“In 2005, one of the junior ministers in the Ministry of Finance traveled to a conference and came back with the idea of Social Protection. He wanted us to adopt the idea of some donors making cash payments to our vulnerable people. I had spent 20 years in government trying to bring about poverty alleviation and we had some degree of success. Having donors pay our people seemed unsustainable. I was not convinced. I thought it would involve donor dependence yet we were trying to be donor independent,” said Dr. Suruma.
But now his position on Social Protection has changed mainly because of the prospects of oil revenue. One of the ways to use oil revenue is to follow Alaska and Norway, which have a fund in which Ugandans are owners or chairs in the fund.
Currently, the policy is that all oil resources should go to infrastructure. It is good but it benefits foreigners especially those who build roads and railways.
Suruma would like to see Ugandans benefiting directly especially for purposes of accountability. “Oil will continue to be a big problem if some of the funds are not paid directly to the citizens,” he says.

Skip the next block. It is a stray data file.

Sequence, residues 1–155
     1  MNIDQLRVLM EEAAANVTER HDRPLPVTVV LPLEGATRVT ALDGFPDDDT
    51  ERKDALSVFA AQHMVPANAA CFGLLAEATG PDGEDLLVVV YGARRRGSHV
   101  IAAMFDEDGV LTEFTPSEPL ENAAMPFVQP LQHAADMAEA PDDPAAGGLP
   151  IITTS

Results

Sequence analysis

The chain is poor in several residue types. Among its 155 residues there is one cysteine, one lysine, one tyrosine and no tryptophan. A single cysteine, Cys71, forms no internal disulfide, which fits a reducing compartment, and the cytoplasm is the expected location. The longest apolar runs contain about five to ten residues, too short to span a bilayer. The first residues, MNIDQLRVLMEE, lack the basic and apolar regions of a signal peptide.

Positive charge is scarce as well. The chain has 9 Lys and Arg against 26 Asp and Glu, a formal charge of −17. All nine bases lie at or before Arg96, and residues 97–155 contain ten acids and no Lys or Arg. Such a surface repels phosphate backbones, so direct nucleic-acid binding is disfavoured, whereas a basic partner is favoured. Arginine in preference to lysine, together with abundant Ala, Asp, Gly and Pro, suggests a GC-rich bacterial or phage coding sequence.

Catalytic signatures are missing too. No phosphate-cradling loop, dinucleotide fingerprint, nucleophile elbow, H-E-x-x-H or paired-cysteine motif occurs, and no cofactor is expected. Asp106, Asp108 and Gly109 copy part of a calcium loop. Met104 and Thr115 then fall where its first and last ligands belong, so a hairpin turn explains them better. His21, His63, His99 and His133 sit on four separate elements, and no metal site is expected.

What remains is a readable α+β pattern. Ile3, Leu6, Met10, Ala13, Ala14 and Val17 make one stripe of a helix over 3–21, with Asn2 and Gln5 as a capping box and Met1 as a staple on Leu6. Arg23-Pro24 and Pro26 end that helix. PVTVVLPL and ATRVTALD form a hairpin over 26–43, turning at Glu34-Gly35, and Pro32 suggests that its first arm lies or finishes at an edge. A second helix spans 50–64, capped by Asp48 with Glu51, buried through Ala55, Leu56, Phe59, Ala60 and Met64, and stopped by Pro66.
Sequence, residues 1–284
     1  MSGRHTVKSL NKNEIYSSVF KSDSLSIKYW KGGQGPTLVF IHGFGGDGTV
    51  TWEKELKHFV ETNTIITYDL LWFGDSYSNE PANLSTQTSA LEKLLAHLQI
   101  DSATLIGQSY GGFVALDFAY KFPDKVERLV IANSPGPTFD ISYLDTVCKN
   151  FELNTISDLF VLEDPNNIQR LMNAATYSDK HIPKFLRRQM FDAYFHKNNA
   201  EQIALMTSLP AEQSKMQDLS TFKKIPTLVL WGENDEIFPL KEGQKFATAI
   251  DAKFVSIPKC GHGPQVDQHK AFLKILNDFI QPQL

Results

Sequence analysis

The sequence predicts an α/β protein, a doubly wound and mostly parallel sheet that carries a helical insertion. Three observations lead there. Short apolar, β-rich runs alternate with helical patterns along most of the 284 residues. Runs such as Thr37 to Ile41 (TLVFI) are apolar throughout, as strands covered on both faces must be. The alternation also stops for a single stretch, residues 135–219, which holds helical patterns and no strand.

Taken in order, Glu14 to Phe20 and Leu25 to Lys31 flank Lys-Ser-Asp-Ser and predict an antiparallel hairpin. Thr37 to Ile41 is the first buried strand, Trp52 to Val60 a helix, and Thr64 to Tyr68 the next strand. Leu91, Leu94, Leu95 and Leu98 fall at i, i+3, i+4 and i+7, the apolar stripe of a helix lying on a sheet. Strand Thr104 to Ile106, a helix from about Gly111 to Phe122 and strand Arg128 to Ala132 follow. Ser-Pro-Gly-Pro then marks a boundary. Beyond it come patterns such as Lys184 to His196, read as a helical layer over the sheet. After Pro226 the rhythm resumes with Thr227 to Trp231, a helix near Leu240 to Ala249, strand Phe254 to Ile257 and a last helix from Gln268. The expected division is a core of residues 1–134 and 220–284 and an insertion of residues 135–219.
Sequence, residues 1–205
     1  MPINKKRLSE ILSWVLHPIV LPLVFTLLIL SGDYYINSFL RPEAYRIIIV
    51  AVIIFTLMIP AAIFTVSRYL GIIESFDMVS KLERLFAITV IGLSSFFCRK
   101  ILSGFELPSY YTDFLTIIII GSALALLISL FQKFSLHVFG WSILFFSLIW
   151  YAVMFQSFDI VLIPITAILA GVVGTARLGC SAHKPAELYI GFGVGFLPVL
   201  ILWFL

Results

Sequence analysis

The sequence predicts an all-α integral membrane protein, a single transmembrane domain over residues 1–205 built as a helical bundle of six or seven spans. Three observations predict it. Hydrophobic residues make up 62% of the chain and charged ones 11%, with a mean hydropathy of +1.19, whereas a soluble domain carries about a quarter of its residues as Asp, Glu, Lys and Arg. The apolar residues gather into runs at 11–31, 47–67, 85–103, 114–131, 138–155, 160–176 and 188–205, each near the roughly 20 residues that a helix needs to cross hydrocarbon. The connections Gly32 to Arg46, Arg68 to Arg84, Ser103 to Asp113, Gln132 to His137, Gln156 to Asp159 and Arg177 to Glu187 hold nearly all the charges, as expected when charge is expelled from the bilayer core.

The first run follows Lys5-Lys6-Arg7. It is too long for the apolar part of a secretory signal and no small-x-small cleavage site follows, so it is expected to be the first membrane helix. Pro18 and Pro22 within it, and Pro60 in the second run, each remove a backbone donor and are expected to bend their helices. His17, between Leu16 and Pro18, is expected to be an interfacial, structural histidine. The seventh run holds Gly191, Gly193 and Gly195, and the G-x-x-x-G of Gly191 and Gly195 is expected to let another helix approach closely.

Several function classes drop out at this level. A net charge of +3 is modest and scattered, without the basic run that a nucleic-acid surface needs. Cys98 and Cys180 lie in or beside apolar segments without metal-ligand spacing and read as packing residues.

The Ugandan government and the community are yet to grasp the essence of Social Protection and this is the main problem; it seems like it is an idea from the outside. We have not yet reached a point where Social Protection is a widely and fully accepted program. We need to create more awareness among the communities.
What are we trying to do in Social Protection? Everybody gets old and ill. So there should be a common ground on how to move together to deal with illness, old age, health, destitution, unemployment, poverty.
All this, in my view, we are still way down the line in terms of competing with other ideas, policies and programs for the government budget.
We need to convince and persuade government because potentially there is a constituency of people who will benefit from old age pension, medical institution and disability payments.